The Washington Times - August 17, 2011, 11:32AM

Wednesday morning the Capitals announced details about their rookie game with the Flyers (it’ll be Sept. 15 at 5 p.m. at Wells Fargo Center in Philly). But then Matt Bradley did a radio interview in Ottawa on Team 1200 - and that became the big story.

In the interview, which you can listen to in its entirety here, Bradley tries to explain what happened to the Caps in the playoffs and criticized Alexander Semin by name.


Here’s the word-for-word transcription of Bradley’s comments from the point where he’s asked about the early playoff exits:

Why haven’t the Caps been able to break through in the playoffs?

“I don’t have a definite answer. There’s reasons why. I think we had some guys that didn’t show up in playoffs, and I’ll leave them unnamed. I think our locker room was maybe a little too nonchalant and guys weren’t disciplined the way they should’ve been. Those two things are big things, and I’d say that’s about it because I think I heard you guys saying we had a lot of guys that played hard and played well and it seemed that sometimes the guys that weren’t playing well were the ones getting rewarded with ice time. Which In the playoffs I don’t think it matters who you are – it’s who’s playing well for you at the time. That’s not always what happened with our team – it wasn’t the guys that were playing well at the time, it was the guys that were our best players for the most part that were playing no matter what.”

Discipline problems, without naming names

“It wasn’t like guys were going out the night before a game or stuff like that, but it was just not being ready to practice or missing practice with questionable injuries – that kind of thing. And not being focused, those kind of things. I don’t mind saying a guy like Alexander Semin’s name because he’s one guy who has so much talent he could easily be the best player in the league and just for whatever reason just doesn’t care. When you get a guy like that, you need him to be one of your best players and when he doesn’t show up, you almost get the sense like he wants to be back in Russia. That’s tough to win when you got a guy like that who’s supposed to be your best player not being one of your best players.”

Devastating effect of one guy?

“For sure. The way I look at it, in the playoffs you’re gonna have guys who play well in the playoffs and guys who don’t, so in my opinion you should kinda run with the guys that are playing well, and I don’t think we always did that there, which for whatever reason I don’t know. If it’s a guy like Jason Chimera who’s maybe your third-line guy playing well, I think you should play him more if one of the top two-line guys aren’t playing well.”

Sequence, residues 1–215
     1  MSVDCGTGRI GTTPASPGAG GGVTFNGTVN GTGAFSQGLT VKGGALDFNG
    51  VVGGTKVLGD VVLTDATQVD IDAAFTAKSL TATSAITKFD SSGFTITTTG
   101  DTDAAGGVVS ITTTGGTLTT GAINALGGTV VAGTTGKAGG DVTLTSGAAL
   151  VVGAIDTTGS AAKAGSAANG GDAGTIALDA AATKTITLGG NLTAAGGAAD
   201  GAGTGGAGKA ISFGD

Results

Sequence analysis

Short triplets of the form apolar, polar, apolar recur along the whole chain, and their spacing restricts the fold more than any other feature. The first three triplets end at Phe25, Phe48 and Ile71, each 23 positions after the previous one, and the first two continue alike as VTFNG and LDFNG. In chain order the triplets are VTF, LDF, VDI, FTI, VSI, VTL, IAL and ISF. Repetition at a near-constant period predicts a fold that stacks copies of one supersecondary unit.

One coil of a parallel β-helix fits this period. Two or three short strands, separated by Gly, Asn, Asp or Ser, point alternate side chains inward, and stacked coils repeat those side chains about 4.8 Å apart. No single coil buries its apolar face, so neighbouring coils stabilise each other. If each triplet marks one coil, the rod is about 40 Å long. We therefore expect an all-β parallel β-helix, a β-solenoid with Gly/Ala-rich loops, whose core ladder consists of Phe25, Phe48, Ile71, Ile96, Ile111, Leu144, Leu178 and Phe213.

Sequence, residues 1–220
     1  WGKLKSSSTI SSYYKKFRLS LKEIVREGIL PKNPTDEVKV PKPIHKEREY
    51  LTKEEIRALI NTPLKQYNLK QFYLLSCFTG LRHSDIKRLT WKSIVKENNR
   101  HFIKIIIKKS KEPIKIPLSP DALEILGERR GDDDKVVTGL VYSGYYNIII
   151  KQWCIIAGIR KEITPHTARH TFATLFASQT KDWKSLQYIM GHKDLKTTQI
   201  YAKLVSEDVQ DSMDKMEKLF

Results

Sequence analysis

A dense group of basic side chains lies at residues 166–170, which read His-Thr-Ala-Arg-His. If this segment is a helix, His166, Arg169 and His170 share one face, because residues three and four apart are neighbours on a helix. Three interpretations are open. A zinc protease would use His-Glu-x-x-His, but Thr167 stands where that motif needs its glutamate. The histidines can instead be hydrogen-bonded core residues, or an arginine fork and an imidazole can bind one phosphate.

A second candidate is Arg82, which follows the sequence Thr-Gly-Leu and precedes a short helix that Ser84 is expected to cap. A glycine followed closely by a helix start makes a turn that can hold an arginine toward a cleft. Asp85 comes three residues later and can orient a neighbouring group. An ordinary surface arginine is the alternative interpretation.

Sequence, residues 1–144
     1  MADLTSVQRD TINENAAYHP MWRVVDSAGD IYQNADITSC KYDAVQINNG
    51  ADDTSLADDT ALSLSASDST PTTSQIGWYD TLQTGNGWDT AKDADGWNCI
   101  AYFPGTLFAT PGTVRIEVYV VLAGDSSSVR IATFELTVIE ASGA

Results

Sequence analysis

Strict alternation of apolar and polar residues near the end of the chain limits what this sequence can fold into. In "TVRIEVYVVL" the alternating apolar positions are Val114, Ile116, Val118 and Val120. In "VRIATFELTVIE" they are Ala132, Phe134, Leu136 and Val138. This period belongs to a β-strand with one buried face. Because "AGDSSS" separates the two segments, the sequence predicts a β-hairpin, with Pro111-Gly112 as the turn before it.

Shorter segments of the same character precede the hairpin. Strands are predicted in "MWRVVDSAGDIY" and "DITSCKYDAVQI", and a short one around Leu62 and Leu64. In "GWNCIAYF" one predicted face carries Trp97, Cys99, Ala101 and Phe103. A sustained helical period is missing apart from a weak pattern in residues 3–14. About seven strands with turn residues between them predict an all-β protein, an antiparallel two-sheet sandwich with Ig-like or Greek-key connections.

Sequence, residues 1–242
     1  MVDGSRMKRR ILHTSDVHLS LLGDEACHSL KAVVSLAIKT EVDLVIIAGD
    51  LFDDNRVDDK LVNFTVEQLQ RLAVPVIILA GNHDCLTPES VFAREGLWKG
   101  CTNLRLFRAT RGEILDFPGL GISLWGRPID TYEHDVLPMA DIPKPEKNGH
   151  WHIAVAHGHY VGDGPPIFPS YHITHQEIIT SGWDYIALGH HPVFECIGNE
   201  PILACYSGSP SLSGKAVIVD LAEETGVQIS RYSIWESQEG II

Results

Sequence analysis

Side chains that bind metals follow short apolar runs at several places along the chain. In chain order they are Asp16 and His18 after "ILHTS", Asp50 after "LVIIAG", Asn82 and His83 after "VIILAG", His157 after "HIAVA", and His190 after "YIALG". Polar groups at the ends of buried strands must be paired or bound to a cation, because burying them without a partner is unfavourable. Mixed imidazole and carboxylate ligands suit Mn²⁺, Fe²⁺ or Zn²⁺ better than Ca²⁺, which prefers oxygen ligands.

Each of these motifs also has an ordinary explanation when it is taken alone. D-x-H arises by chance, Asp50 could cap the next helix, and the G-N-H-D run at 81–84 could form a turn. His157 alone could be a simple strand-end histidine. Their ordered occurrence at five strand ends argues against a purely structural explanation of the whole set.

Are you saying you would’ve liked to see more merit-based ice time in playoffs from Bruce Boudreau?

“Yeah. I’m not talking about myself at all here. There was a lot of guys who played well that didn’t probably play as much as they needed to. And I love Bruce. Bruce is a great coach, and he was in a very tough position there because in Washington our top guys are definitely the stars and the guys that people wanna see on the ice. I totally understand. That doesn’t just happen on our team, it happens on a lot of teams, too. When you’re paying your top guys a lot of money and those guys carry you through the whole season and if one of them isn’t going, it’s very hard not to play them and I understand that that’s tough. But I think in the end if you wanna learn, sometimes you gotta sit some of those guys down and maybe send a message and try to get them going.”

Is Alex Ovechkin all-in for winning a Cup, or does he have growing and maturing to do?

“I never worry about Ovi. He’s all-in guy. He’s young, he makes his mistakes – the same as anyone would. I often try to put myself in his position. You gotta remember, he’s 25 years old, he’s got a guaranteed $120 million, he’s on top of the world and he still, for the most part, makes the right decisions. I don’t worry about him; I don’t worry about most of the guys on that team, and that’s why I think in the end they’ll do well. Like you said, Ovi has some growing up to do as far as taking care of himself and things like that. But as far as his want to win, he really does just wanna win the games and he doesn’t care if he scores or not. That isn’t an act. He’s a great guy, great player, and I would never say anything bad about him.”